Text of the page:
So let me summarise the essence of our findings, and why they are so transferable, not only through school populations, but for everyone involved in youth work, training and development.

(1) Learning to try

Our research showed that a varied and repeated out-of-classroom curriculum that is compulsory for all students compels them to try things they would otherwise avoid. Our findings showed us that this ‘have a go’ mentality lasts well beyond the Gordonstoun years, and has inspired many to keep trying new things for the rest of their lives. Schools who wish to emulate this need only make more of their non-academic curriculum compulsory, so that young people gain a broader exposure to experience, and learn not be be afraid of trying something new.

(2) Learning to fail

Having to try everything means that failure is inevitable, given that it is unlikely that everyone will be good at everything. Students learn to fail, and they learn how others fail too. They learn that they may need other people to succeed, but also that they may be better than others at unexpected things. Again, schools wishing to help students learn to fail well need only identify no-examined elements of the curriculum where there is an opportunity for experimentation, and create a safe environment where failure is not considered socially terminal. This could be normalised by delaying specialisation and by making elements of sporting or drama activities compulsory for all.

(3) Learning to try again

Because the curriculum is regular and repeated, students have to have to have another go, even if they failed last time. So they learn resilience, and about conquering their fears, both about their own abilities, and about how their peers will react to them. Again, this teaches students how to pick themselves up, and many alumni told us that this ability to bounce back had been crucial in helping them to navigate subsequent career setbacks. Anyone working with young people who wants to help them learn this important life skill would need to design in opportunities for students to identify their fears and set about conquering them, whether it is public speaking, a fear of heights or water, or just plain social shyness.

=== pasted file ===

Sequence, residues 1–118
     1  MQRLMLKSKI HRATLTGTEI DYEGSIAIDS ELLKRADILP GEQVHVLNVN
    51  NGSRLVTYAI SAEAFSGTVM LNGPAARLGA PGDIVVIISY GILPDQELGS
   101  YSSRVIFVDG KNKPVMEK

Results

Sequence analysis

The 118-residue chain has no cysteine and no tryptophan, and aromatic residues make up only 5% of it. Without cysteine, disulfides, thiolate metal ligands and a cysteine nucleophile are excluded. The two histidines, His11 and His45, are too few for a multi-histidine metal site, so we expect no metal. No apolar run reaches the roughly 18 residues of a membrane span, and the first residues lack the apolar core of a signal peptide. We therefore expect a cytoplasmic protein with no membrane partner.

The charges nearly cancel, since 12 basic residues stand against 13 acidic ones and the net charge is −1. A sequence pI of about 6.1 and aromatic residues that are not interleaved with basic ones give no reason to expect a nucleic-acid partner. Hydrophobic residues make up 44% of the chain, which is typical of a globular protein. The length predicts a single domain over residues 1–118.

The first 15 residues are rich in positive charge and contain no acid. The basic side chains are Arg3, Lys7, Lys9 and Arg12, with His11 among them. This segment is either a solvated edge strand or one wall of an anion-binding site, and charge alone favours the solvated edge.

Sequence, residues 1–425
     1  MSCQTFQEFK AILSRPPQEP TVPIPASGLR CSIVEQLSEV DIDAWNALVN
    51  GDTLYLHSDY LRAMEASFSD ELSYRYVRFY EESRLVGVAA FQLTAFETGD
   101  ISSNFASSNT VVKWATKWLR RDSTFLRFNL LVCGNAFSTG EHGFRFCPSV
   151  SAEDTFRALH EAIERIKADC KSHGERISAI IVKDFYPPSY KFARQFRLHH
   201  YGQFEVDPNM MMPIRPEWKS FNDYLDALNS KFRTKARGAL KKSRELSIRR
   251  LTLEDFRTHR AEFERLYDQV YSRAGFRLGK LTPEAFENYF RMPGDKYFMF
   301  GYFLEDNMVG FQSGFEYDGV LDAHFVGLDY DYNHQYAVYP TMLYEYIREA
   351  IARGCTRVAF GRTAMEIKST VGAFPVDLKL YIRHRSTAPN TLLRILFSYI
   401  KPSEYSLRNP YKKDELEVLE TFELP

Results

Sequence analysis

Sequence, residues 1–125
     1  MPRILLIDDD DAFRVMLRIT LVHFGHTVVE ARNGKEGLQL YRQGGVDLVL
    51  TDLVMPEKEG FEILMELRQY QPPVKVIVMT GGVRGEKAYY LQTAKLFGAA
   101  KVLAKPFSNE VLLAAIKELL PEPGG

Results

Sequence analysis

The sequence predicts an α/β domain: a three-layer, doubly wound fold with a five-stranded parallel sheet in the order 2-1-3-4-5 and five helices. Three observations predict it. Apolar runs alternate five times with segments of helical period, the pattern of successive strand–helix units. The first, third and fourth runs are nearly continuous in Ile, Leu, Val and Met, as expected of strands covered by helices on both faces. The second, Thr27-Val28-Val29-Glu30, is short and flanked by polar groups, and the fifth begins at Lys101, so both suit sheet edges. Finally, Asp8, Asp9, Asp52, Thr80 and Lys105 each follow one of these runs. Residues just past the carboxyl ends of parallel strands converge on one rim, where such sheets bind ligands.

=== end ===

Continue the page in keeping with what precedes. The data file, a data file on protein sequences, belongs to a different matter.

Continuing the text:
(4) Social levelling

We found that in the melting pot that is Gordonstoun, the out-of-classroom curriculum is a fantastic leveller. No-one cares who your parents are on exped if you forgot to pack the hot chocolate. And because students often found themselves being led or rescued by peers they would never have expected to thrive in these contexts, it engenders a humility and respect for other people based on ability and character, and not on culture or background. Any school delivers these lessons by exposing the same groups of students to a range of contexts, where different people will have a change to shine each time.

(5) Gender